• Mentorships. Nurture a culture of learning at your nonprofit by creating a mentorship program. Pair newer hires with more experienced staff members so they can quickly develop the skills and best practices they need to thrive in their roles. Plus, these programs also help mentors refresh their knowledge and feel more confident in their leadership abilities.
  • Conferences. Nonprofit conferences are ideal opportunities for convening with other professionals across the sector and sharing ideas on how you can better fulfill your missions in the current landscape. With topics ranging from fundraising to leadership, there’s bound to be an event that suits your staff’s training needs.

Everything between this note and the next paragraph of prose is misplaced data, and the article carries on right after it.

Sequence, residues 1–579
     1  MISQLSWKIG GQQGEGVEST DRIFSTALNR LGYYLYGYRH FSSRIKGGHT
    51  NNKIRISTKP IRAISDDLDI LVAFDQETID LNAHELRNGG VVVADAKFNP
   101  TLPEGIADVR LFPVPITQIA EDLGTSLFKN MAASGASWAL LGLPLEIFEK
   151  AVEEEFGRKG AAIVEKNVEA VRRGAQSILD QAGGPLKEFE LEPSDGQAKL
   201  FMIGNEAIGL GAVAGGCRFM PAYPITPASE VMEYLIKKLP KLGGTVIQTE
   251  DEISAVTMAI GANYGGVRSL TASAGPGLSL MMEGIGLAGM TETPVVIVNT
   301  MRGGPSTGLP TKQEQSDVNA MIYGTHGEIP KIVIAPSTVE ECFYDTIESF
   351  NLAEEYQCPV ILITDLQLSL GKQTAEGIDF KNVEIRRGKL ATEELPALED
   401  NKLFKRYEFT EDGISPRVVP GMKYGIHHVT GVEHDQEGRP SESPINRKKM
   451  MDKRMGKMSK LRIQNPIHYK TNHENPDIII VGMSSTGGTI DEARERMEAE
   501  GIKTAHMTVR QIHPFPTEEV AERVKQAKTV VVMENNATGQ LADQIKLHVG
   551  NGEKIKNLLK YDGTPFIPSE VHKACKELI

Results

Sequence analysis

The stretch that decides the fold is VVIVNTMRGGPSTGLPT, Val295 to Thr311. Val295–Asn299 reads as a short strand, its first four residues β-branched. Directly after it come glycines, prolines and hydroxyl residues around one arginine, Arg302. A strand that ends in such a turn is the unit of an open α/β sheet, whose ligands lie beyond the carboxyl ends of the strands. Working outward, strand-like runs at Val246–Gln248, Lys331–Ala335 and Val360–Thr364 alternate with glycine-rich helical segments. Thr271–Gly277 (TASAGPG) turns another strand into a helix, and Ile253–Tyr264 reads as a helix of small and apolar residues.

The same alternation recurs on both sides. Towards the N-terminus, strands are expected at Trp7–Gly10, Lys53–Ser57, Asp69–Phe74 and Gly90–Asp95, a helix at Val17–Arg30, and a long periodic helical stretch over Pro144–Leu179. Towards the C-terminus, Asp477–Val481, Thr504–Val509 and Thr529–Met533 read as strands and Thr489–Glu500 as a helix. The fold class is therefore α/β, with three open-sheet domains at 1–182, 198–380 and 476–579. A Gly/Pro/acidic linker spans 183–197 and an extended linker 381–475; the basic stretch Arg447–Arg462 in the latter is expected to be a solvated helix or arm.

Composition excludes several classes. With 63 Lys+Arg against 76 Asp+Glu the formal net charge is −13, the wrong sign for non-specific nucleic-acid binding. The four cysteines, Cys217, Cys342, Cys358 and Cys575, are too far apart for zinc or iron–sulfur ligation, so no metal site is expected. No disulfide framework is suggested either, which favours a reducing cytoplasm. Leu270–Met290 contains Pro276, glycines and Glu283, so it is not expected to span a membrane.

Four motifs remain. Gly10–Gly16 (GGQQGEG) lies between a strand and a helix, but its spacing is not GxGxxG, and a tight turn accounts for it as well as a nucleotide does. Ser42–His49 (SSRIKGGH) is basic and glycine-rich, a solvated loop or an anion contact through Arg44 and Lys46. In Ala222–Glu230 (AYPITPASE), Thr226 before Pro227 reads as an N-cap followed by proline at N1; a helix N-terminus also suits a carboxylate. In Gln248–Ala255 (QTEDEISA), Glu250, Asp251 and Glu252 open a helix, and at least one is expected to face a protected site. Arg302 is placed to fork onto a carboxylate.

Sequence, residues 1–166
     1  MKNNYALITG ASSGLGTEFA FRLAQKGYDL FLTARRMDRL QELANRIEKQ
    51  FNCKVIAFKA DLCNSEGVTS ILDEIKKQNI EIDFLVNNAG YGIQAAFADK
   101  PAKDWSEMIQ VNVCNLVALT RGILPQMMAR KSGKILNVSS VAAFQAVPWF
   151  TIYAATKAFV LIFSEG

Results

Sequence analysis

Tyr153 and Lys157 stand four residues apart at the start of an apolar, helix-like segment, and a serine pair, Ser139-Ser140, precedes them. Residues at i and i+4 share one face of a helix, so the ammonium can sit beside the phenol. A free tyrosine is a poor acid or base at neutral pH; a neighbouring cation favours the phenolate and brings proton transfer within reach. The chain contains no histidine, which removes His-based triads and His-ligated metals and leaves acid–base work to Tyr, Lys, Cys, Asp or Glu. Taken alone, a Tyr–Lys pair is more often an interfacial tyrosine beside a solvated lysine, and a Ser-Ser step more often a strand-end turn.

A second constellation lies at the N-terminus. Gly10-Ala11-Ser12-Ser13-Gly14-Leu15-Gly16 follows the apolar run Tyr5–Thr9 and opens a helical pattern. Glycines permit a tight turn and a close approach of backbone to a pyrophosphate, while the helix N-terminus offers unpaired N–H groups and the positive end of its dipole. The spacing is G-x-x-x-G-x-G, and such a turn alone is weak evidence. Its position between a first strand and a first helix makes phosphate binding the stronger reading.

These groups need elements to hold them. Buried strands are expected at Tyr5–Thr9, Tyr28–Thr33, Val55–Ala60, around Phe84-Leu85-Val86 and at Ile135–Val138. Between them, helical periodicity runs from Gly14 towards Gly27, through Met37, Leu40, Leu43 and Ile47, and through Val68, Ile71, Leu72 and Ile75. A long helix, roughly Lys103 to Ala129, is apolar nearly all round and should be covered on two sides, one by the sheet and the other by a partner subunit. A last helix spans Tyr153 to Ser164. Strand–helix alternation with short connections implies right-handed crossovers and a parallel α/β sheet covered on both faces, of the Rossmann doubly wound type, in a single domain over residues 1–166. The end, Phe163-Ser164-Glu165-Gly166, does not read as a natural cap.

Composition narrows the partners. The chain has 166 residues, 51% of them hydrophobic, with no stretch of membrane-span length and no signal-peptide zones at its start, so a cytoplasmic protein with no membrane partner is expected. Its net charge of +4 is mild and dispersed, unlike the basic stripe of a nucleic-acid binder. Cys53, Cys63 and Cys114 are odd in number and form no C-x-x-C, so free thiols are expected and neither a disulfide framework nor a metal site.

• Asynchronous courses. For employees who prefer a more flexible learning schedule, direct them to online courses that they can work through at their own speed. These courses are cost-effective and cover topics such as matching gifts and cybersecurity through educational videos, quizzes, and other activities. However, it may be more challenging for staff members to feel engaged when approaching training on their own.

Include a mixture of in-person and virtual training options to appeal to more of your employees’ needs and make it easy for them to participate.

3. Reach out to experts as needed.

If you’ve identified specific areas of your nonprofit’s operations in which your staff members need more in-depth, specialized training, consider approaching an expert for guidance. According to Laridae’s nonprofit consultants rundown, there are many professionals are committed to supporting nonprofits in a wide range of ways, including:

Numerous ways a nonprofit consultant can provide expertise and support your nonprofit staff training plan.